Lecai Transparent Acrylic Eye Dropper Fountain Pen
I was talking to a fellow fountain pen enthusiast a couple of months ago at a local pen club meet, and he showed me a beautiful, clear eye-dropper fountain pen that he purchased from eBay for less than $20. The bright orange ink sloshing around inside the big, empty, clear body looked great. Eyedropper pens have no internal ink storage mechanism, such as a converter or piston, and you fill the entire body cavity with ink.
But, I have been less than impressed with cheap steel nibs on inexpensive Chinese pens. Usually, the balance is off, the nib is too wide for my preference, they are often cumbersome, or just generally feel cheap.
Not so with this pen! The crisp, fine, steel nib wrote surprisingly well. This pen is acrylic, and the weight and balance were good. And, perhaps because of the cost savings in not having to supply a converter or piston, the build quality and clarity of the clear acrylic that makes up the pen were far higher than the price would suggest.
Lately, my eBay purchasing luck has been hit or miss, but for an investment of less than $20 CDN including shipping, I gave it a shot. I discovered that listings with the manufacturer *Lecai* are more expensive than the same “no-name” pen, though they appear identical.
My pen arrived in less than three weeks, which may be a record for Chinese Chinese. The delivery was packaged well and arrived without any imperial entanglements (from our Canadian tax inspectors).
I was pleasantly surprised when I opened the package. The pen came in a plastic, rectangular container with two pipettes for filling with ink. As I am used to Jinhao pens being shipped loose (at best), this was a pleasant surprise.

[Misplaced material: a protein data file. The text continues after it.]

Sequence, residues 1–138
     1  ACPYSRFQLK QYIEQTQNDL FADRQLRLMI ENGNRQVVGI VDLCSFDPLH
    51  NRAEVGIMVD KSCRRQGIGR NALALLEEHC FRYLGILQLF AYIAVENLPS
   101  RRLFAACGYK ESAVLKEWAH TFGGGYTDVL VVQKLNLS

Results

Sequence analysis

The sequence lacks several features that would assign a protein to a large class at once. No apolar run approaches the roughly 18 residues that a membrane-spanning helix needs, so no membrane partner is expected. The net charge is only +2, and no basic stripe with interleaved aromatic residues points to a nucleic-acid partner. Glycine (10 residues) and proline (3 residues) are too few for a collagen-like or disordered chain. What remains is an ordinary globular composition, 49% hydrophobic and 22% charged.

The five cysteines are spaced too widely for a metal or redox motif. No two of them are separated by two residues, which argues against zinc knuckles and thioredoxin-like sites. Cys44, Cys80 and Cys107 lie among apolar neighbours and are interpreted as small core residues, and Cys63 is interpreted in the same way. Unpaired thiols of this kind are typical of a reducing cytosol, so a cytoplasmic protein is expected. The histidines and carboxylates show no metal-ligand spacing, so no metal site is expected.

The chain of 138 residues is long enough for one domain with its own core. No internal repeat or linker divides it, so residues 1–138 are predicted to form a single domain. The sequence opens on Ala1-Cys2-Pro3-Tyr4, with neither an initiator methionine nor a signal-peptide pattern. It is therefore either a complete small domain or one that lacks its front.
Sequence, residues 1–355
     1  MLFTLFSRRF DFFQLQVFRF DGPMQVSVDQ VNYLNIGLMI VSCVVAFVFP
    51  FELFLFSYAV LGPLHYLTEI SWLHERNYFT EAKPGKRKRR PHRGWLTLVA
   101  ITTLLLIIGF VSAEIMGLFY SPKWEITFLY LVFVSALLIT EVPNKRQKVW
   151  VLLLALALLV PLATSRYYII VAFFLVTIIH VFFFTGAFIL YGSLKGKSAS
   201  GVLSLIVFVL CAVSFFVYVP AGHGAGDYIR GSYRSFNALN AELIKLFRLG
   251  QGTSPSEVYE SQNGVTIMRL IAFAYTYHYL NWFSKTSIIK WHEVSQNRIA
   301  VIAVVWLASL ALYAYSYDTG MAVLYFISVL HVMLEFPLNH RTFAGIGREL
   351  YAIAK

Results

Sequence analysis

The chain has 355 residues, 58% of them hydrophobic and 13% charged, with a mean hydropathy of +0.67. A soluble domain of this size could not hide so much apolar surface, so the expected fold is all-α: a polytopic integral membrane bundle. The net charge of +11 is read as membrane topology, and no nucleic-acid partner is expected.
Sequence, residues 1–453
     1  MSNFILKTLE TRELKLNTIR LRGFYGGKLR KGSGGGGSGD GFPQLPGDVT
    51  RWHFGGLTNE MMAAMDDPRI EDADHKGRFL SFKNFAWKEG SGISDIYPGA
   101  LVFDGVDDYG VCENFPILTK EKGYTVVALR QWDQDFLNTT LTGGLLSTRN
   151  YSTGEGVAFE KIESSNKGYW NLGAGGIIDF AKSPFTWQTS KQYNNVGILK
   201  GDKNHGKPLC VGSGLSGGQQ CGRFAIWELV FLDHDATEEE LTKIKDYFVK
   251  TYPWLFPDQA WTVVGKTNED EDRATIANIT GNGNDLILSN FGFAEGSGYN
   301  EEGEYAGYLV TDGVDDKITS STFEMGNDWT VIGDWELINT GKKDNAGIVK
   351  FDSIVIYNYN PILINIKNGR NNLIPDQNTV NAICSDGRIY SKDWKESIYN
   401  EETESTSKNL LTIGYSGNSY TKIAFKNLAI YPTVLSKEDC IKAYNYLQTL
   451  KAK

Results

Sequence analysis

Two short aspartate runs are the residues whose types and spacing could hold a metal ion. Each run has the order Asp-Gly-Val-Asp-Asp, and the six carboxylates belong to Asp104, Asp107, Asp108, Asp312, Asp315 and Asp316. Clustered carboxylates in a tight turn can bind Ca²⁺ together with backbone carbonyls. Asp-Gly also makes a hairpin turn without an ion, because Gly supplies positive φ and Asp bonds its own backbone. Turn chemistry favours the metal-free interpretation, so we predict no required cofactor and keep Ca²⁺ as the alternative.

Inking with Pilot Iroshizuku Momiji
I wanted a bright ink to show off the clear body of this pen, and I considered the many shimmering inks I have. Given that I ordered a 0.5mm fine nib, I felt the shimmering effect of the ink would be unlikely to show on the page. Also, I thought there might be flow problems with the fine nib. Instead, I syringe filled the body with Pilot Iroshizuku’s Momiji - a bright crimson ink. Given the volume of ink that this pen takes, I am glad a chose to use a syringe rather than the supplied pipettes.
I took a chance and did not seal the threads with silicone. I decided that I could watch the threads of the clear body to look for any leakage and reassess later if needed. I have had this pen for about a month and still have not seen any ink seepage.
The ink looks great. It is pretty to have this pen on my desk and displaced a much more expensive pen in my daily carry because of looks and performance.
The Writing Experience
There is always the big question with a sub-$20 pen. How does it write?
It writes well! Surprisingly well! Chinese pens are not known for quality fine thickness nibs, but this 0.5mm is the perfect balance of flow and smoothness. It wrote well out of the box and needed no adjustment or tuning. I likely will smooth the nib at some point but tuning the pen is not necessary for a good writing experience.
I enjoy the 0.5mm nib. It almost feels like a Japanese style pen. Very impressive! It starts every time and hasn’t skipped at all. I also have not seen any ink evaporation.
I recommend this pen. The value is tremendous, as is the look, especially when filled with a fun and impractical ink. For less than $20 including shipping, how can you go wrong?